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Letter to the House Appropriations Committee on DC Voucher Funding

June 20, 2012

Dear Representative: 

On behalf of the more than three million members of the National Education Association (NEA), we would like to express our strong opposition to inclusion of funding for the District of Columbia private school voucher program in the FY 2013 Financial Services Appropriations bill.  This program funnels millions in federal spending to private schools at taxpayer expense.   

As Congress continues to propose drastic reductions in federal spending, including the potential slashing billions from core education programs, there is no reason to divert millions of dollars to vouchers.  It is simply wrong to consider funneling millions of taxpayer dollars to private schools while cutting programs that help millions of students in public schools.   

The District of Columbia voucher program, designed as a five-year pilot, has yielded no evidence of positive academic impact on the students the program was designed to assist — those attending schools that have been designated as needing improvement under the accountability systems of No Child Left Behind: 

  • The program has been proven to have no impact on achievement in mathematics, no impact on male students, no impact on students entering the program in the second year of its existence, and no impact on those students who scored in the lower third of baseline reading tests; i.e., those most in need of assistance. (The Evaluation of the DC Opportunity Scholarship Program: Impacts After Three Years, http://ies.ed.gov/ncee/pubs/20094050). 
  • Department of Education reports have found that many children who left the DC voucher program did so because the schools did not provide the academic support they needed.  Of the students who left the program in the first year, 45% stated that it was because the “child did not get the academic support he/she needed at the private school.”  The number shot to 54% in the second year and was at 39% in the third year.(2009 US Dep’t of Educ. Report at 35; 2008 US Dep’t of Educ. Report; and US Dep’t of Educ., Evaluation of the DC Opportunity Scholarship Program: Impacts After One Year (June 2007) (2007 US Dep’t of Educ. Report)). 
  • A 2007 Report by the Government Accountability Office (GAO) also debunks the myth that voucher schools improve academic achievement.  That report found “many of the [voucher] schools [examined by the GAO] were not accredited, and there is no evidence they submitted evidence of educational soundness.” Another troubling conclusion in the Report is that “at least 3 of 52 schools that participated [in 2004‐05] indicated that at least half of their teachers did not have at least a bachelor’s degree, and 6 schools indicated that about 10 to 20 percent of their teachers lacked at least a bachelor’s degree.”(US Gov’t Accountability Office, District of Columbia Opportunity Scholarship Program: Additional Policies and Procedures Would Improve Internal Controls and Program Operations, Pub. No. 08‐9 (Nov. 2007)).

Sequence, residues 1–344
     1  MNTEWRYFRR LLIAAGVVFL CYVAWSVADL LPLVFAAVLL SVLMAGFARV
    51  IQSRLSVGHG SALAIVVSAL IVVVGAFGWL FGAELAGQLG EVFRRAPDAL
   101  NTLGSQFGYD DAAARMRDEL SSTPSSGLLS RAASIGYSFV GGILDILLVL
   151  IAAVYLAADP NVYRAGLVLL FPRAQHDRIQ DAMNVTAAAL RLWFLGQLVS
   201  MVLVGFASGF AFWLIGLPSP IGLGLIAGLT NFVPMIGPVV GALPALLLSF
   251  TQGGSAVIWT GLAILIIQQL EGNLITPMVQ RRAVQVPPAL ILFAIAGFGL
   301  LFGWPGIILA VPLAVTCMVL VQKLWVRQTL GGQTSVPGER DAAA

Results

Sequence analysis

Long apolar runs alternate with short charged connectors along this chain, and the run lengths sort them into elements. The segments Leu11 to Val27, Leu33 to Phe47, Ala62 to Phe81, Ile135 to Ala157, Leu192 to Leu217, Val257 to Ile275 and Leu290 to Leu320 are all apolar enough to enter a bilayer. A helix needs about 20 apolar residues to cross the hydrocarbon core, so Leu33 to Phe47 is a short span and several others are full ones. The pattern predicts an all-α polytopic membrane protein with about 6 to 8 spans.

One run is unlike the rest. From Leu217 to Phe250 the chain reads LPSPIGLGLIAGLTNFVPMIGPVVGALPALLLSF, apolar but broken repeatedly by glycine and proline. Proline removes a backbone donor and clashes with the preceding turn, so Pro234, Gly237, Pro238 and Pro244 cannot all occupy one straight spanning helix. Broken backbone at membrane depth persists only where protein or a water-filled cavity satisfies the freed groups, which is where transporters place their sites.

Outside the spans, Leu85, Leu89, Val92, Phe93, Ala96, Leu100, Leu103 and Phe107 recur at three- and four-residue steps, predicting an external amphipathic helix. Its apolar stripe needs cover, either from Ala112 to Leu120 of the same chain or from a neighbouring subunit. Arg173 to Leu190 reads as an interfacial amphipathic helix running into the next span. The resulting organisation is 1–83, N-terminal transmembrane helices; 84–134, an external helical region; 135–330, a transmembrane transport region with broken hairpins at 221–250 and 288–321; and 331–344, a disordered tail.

Vouchers also undermine accountability for public resources. Voucher schools do not have to adopt academic standards, ensure highly qualified teachers, or administer the assessments required of public schools. This lack of accountability is not to taxpayers, nor is it consistent with bipartisan calls for greater "accountability" in our education system.  As demonstrated in the higher education arena, "competition" in the market does not ensure quality or equity of opportunity for all students. 

Vouchers are not real education reform.  Pulling 1,200 children out of a system that serves 65,000 doesn’t solve problems — it ignores them.  Rather than offering an empty promise for a few, we should be ensuring that every child has access to a great public school.  And, instead of taking money out of public schools for private schools, Congress should be investing in strategies to improve student achievement. 

Our focus should be on strategies proven to increase student achievement, such as increasing parental involvement, strengthening teacher training, and reducing class size.  And, our goal should be to prepare all students for the jobs of the future, not to allow a few students and parents to choose a private school at taxpayer expense.   

When public schools are struggling, the last thing we need is to spend scarce taxpayer funds on private schools.  We urge you to stand up for the millions of students in public schools by rejecting funding for private school vouchers.  

Sincerely, 

Kim Anderson
Director, Center for Advocacy 

Mary Kusler
Director of Government Relations